The Omnia baking times are similar to your regular oven when set correctly. In addition, the baking vessel has a capacity of around 8 cups, which is equivalent to an 8 x 8-inch pan.
My goal was to bake various types of foods, from banana bread to pizza. I baked foods using scratch recipes and from box mixes. I wanted to ensure that the Omnia was a versatile device and not just a one-trick pony.
I found that the Omnia works great for a wide variety of baking needs with a bit of practice. You can bake almost anything in it. However, you may not want to spend $70 for it (often over $100 when you add the accessories). Here are some alternatives along with their pros and cons:
-Coleman-type fold-up stove. The Coleman fold-up stove has been around forever and can be had for about $45 or less if you find one at a thrift shop. I have used one, and they work well. However, they also have the burnt bottom problem. Using a small pizza stone to even out the heat will reduce this issue. The downside to the Coleman is that the stove is considerable even when folded, and any accessories (like baking and muffin pans) take up additional storage space.
-Heavy Pot with a cover and trivet. An age-old standard. Using a heatproof trivet, you isolate your baking pan from the pot’s bottom. There are variations on this theme as some recipes use water in the pot, allowing you to steam a cake. Other recipes use a dry method that may use an empty pan or one with some sort of heat evener, for instance, placing rocks in the bottom of the pan. When baking, caution is advised when using rocks, sand, or non-food grade items.
-Direct baking. Some recipes bake directly on a pan’s surface. This method is most commonly used to bake flatbread. However, direct baking can also be used to make homemade pizza. In this case, the crust is flipped over to ensure that it is fully cooked. After the turn, toppings are added.
-Rice cooker baking. You can find small rice cookers that use only 300 watts of power, compatible with many van’s electrical systems. The internet is a source for recipes that range from cakes to yeast bread.
-Lunchbox cooker. The Roadpro (and look-alike cookers) reach around 300F, sufficient to bake foods such as Jiffy brand cake and cornbread mixes. People also make Stouffer’s frozen pizza in them. Unfortunately, you can’t bake using the popular Hot Logic oven as it only heats to 160F-180F.
-The electric pressure cooker. This gadget is a wonderful addition to your cooking arsenal if you have enough battery power. Using the steam method, you can make many baked items, from regular cakes to cheesecake.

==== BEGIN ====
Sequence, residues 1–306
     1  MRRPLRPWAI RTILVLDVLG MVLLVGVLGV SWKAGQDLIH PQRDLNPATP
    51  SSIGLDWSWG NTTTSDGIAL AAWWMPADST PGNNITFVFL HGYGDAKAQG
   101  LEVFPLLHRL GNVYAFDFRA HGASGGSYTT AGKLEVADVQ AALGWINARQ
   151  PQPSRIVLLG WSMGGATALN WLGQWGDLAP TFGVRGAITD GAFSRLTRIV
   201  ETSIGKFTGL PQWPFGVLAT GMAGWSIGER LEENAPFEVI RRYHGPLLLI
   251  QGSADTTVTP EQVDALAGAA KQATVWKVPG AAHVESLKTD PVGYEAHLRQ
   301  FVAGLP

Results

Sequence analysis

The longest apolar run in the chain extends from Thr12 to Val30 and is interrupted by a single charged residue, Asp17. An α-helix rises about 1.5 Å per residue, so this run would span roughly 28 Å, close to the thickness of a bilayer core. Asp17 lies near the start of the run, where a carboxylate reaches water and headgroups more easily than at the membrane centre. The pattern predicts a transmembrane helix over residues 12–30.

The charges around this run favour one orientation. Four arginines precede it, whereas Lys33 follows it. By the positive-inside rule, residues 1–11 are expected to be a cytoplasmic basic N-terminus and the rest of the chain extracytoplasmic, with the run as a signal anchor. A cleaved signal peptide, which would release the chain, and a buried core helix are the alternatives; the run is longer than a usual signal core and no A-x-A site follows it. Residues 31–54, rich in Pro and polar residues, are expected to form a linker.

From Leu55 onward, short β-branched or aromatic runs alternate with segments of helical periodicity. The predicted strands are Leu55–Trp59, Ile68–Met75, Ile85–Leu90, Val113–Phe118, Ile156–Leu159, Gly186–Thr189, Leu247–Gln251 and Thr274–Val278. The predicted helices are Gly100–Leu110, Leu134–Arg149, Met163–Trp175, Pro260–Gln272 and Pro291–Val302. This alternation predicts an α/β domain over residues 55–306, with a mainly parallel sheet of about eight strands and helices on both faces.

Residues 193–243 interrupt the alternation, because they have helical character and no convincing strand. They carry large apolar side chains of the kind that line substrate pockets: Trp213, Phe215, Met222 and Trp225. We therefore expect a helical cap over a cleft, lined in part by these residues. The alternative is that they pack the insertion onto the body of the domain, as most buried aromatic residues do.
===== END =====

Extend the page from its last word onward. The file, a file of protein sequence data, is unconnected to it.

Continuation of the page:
-The classic Dutch oven/campfire combo. This method uses a dutch oven, campfire, hot coals, and some practice. My cousin makes a killer pineapple upside-down cake using this method, but it is beyond my skill level.
The bottom line
The Omnia is one of various methods to bake when you don’t have a traditional oven. It is compact, relatively simple to use, and can deliver excellent results if you follow the directions. It makes sense to practice at home before trying to impress your camping buddies, as it is different from using a regular oven.
The Omnia can be used with a variety of heat sources. However, I think a standard butane stove works best as it allows for a fine flame adjustment. I almost always bake near the lowest flame level possible. The butane stove that I used has an output of 7000 BTU. Some more expensive butane stoves may have an output of 10,000 BTU or higher, so some experimenting may be necessary to find the sweet spot for your baking adventure.
You don’t want to lift the lid during the early stages of baking, as this will significantly dysregulate the oven’s temperature at a critical baking phase. However, I use standard methods (like the toothpick test) at the latter stages to determine doneness.
Remember that the environment has a significant impact on baking in the Omnia. You will likely have more consistent results when baking inside your van than outdoors on a windy day. However, with practice, even this is possible. Very cold or very hot days will also impact the oven.
Below are various things that I successfully baked in the Omnia in my home kitchen laboratory. I believe that you can bake just about anything that bakes in a moderate (350F) oven. In addition, I have had success baking items like pizza and muffins (which often use a higher oven temperature) in the Omnia. However, the final product may be slightly different than what you are used to. For instance, the pizza crust may be softer, and a muffin’s rise may be somewhat less.
Below are a gaggle of photos that will hopefully inspire you to expand your van cooking’s culinary horizons. Bon appetite!